Republicans Monday accused Democrats of holding up the coronavirus economic relief package by treating it like “a juicy political opportunity.”
Senate Majority Leader Mitch McConnell, a Kentucky Republican, said the $2 trillion measure was “this close” to passing until House Speaker Nancy Pelosi, a California Democrat, arrived in the Capitol Sunday and demanded the bill include “unrelated issues, left and right,” to satisfy the party’s liberal agenda.
Democrats say they are negotiating with the Trump administration and are “very close” to a deal.
McConnell said Democrats want the measure to include tax credits for solar and wind energy, provisions providing “special treatment to big labor,” as well as a new emissions standard for the airline industry in exchange for $58 billion in federal loans.
“I’d like to see Senate Democrats tell all American seniors who’ve seen their hard-earned retirement savings literally melt away as the markets track toward their worst month since 1931 that they’re continuing to hold up emergency measures over tax credits for solar panels,” McConnell said.
McConnell has set up an early afternoon vote to try to move a “shell” for the package. The same vote failed yesterday because Democrats blocked it, seeking a slew of additional changes.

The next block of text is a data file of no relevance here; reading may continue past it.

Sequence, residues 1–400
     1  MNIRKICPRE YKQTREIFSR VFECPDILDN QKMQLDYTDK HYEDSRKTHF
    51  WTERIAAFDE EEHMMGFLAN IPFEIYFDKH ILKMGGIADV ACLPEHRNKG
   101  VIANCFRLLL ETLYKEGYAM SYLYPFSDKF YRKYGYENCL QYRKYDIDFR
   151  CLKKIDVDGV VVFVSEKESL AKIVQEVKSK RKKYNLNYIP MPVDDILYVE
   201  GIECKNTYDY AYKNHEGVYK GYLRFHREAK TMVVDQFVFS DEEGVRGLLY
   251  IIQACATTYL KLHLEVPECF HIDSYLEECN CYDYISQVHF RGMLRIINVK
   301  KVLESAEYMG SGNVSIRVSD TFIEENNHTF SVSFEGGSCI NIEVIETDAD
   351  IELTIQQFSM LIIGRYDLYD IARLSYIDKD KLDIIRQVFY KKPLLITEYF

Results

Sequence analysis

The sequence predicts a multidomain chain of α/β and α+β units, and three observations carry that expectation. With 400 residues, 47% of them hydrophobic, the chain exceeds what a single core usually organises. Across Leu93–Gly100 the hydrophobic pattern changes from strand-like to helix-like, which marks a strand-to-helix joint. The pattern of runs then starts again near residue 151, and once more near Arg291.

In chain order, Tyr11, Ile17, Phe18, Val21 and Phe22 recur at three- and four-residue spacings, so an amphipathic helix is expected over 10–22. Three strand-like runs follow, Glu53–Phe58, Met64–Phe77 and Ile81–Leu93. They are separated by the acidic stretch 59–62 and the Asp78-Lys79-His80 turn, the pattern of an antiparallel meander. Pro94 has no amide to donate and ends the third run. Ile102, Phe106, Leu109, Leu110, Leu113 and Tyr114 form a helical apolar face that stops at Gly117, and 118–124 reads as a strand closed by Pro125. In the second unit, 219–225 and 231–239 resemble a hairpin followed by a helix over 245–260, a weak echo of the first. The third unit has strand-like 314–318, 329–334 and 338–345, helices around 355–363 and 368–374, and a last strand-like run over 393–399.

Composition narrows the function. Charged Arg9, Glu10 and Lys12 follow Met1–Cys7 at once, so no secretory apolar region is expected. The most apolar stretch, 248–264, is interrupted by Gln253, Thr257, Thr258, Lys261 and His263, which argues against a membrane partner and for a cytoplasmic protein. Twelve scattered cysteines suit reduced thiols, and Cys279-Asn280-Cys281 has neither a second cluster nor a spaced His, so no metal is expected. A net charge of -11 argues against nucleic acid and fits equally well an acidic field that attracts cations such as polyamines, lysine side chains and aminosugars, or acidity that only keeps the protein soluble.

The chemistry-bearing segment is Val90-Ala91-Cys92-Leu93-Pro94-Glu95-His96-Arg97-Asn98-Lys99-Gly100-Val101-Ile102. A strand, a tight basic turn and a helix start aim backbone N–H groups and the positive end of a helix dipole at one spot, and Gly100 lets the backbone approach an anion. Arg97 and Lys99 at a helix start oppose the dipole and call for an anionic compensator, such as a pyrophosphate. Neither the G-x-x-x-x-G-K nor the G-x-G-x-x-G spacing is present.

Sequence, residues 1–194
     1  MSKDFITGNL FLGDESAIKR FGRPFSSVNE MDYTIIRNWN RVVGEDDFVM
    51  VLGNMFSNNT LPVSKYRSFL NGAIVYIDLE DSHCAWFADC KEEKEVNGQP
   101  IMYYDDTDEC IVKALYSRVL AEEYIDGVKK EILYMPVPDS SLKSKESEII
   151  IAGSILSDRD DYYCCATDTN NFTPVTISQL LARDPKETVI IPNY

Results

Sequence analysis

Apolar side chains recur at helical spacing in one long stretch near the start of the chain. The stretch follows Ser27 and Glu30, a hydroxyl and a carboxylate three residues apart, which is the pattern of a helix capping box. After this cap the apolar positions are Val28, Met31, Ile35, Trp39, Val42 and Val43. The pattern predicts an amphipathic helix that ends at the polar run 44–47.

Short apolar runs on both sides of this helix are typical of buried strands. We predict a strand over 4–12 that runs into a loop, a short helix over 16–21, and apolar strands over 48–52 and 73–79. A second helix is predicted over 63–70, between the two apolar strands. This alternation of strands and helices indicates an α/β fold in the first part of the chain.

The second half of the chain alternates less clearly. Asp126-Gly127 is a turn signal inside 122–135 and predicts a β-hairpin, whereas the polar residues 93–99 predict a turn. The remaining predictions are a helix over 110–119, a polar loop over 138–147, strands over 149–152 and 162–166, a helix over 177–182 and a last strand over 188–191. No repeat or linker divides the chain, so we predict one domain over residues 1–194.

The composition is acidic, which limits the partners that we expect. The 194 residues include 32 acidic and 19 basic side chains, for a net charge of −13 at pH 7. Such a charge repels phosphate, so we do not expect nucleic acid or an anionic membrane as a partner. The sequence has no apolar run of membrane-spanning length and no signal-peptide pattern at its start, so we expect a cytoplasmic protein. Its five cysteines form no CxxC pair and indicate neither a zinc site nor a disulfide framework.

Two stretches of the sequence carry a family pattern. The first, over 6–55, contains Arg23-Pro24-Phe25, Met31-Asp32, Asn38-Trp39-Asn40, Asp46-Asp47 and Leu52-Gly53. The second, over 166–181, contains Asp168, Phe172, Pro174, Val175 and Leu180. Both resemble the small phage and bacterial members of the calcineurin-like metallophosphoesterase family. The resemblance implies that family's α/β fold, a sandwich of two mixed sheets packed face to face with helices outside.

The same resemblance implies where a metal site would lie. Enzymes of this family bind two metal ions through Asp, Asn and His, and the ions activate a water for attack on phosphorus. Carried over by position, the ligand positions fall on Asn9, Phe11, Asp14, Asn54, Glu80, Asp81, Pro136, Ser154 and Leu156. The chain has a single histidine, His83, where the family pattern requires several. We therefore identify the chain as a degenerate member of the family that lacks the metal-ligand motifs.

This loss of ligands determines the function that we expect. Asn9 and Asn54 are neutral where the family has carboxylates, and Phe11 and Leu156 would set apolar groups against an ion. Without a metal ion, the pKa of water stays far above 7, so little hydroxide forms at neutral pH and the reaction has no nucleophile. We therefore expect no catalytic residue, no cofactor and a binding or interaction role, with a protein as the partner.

Minority Leader Chuck Schumer, a New York Democrat, called McConnell’s accusation “a partisan screed” and said he was working with Treasury Secretary Steven Mnuchin on a compromise.
“We’ve had almost continuous discussions with Secretary Mnuchin,” Schumer said. “We are very close to reaching a deal. Very close. Our goal is to reach a deal today, and we are hopeful and even confident that we will meet that goal.”
Schumer complained the bill still includes “large corporate bailouts with almost no strings attached” and wants “protection” for workers and oversight of the big companies who receive federal loans.
The bill includes $500 billion in loans, with $58 billion designated to the airline industry, and it shields those loans from certain disclosures for six months. Companies say disclosing the loans earlier could lead to more layoffs by discouraging investors.
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